Tuesday, November 25, 2014

Non-Compete Agreements: What You Need to Know

It seems like it has become standard practice for an employer to ask a departing employee to sign a non-compete agreement. With the increasing use of email, cell phones, and social media, it is cheaper and easier than ever for an employee to compete against his former employer. As a result, employers frequently seek out non-compete agreements to protect their livelihoods. A non-compete agreement is a contract between an employer and employee in which the employee promises that, upon leaving the employer, he will not compete with it. For example, under a typical non-compete agreement, an employee will promise to refrain from engaging in the same business as the employer within the geographic area in which the employee operates for a certain period of time, usually two or three years. Employers have good reason to require departing employees to sign non-compete agreements: they have invested time, effort, and money into obtaining clients, and do not want to risk losing these clients to departing employees.

However, drafting an enforceable non-compete agreement is tricky. Non-compete agreements are disfavored by courts, as they are worried that these agreements will make it hard for departing employees to earn a living while unfairly depriving the public of their services. Courts will only enforce non-compete agreements that are drafted narrowly to protect an important interest of the employer while not making it too difficult for the employee to earn a living. The geographic scope must be limited to the area where an employer does most of its business. Non-compete agreements that extend beyond this area will not be enforced. For example, Illinois courts will not enforce a non-compete agreement that prevents an employee from competing against the employer anywhere in the state.

Moreover, the non-compete agreement must last for a reasonable period of time. Agreements that last indefinitely will probably not be enforced. In fact, courts are skeptical of agreements lasting longer than five years, and will only enforce them if the employer can show a good reason why the agreement needs to last for that period of time. Ideally, a non-compete agreement should last no more than two or three years.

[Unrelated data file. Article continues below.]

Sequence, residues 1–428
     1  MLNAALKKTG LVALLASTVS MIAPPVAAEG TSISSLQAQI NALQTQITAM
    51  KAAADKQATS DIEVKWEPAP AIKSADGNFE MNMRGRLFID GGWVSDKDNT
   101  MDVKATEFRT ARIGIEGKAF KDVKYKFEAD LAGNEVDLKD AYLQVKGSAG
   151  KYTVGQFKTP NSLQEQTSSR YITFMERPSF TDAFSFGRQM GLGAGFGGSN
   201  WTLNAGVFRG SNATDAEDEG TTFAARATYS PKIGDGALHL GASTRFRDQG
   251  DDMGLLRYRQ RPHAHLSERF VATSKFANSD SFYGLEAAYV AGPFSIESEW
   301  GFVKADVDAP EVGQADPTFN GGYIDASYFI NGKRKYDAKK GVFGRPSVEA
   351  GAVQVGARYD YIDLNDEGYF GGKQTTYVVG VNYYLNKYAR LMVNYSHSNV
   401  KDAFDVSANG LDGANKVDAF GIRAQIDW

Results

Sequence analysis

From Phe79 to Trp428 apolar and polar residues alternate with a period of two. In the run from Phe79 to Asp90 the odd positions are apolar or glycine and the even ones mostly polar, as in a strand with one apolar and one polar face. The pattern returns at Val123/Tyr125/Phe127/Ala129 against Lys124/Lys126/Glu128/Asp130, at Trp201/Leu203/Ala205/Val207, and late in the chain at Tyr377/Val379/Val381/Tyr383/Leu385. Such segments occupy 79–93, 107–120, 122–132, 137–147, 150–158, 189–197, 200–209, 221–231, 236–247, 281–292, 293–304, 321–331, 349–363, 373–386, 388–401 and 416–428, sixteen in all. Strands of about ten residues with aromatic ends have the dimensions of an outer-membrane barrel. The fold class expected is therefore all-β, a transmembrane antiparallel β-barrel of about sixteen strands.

Furthermore, an employer must give an employee something in return for signing the non-compete agreement. For example, it can be a condition of hire, or given in exchange for severance pay or benefits.

Courts will ultimately decide whether a non-compete agreement is enforceable based on the hardship it imposes on the employee versus the employer’s need for the agreement. An agreement that makes it impossible for the employee to gain meaningful work will almost certainly not be enforced. In fact, an employer will likely need to show how the non-compete is reasonable under the circumstances in order for it to be enforced. Therefore, when drafting non-compete agreement, an employer should explain to the employee the need for the agreement, and make sure that the employee is not completely precluded from finding work after leaving the employer.

If a non-compete agreement is found to be unenforceable, employers often ask courts to reform, or rewrite, it to make it enforceable. However, courts will almost never do this. Courts do not want to encourage employers to draft non-compete agreements that are overly broad with the knowledge that the court will narrow it in the event that it is unenforceable. Therefore, once a non-compete is found void, there is very little an employer can do to revive it.

Drafting a non-compete agreement is tricky. It must be limited in geographic scope and time, while providing the employee some benefit in exchange for signing it. Above all, it cannot be unduly harsh on the employee. With so many factors at play, drafting an enforceable non-compete agreement requires the assistance of a competent, experienced attorney.  The labor and employment attorneys at Ancel Glink are experienced in both attacking and defending non-compete agreements. Contact Margaret Kostopulos, Matt DiCianni or any of the labor and employment attorneys at Ancel Glink for assistance in these matters.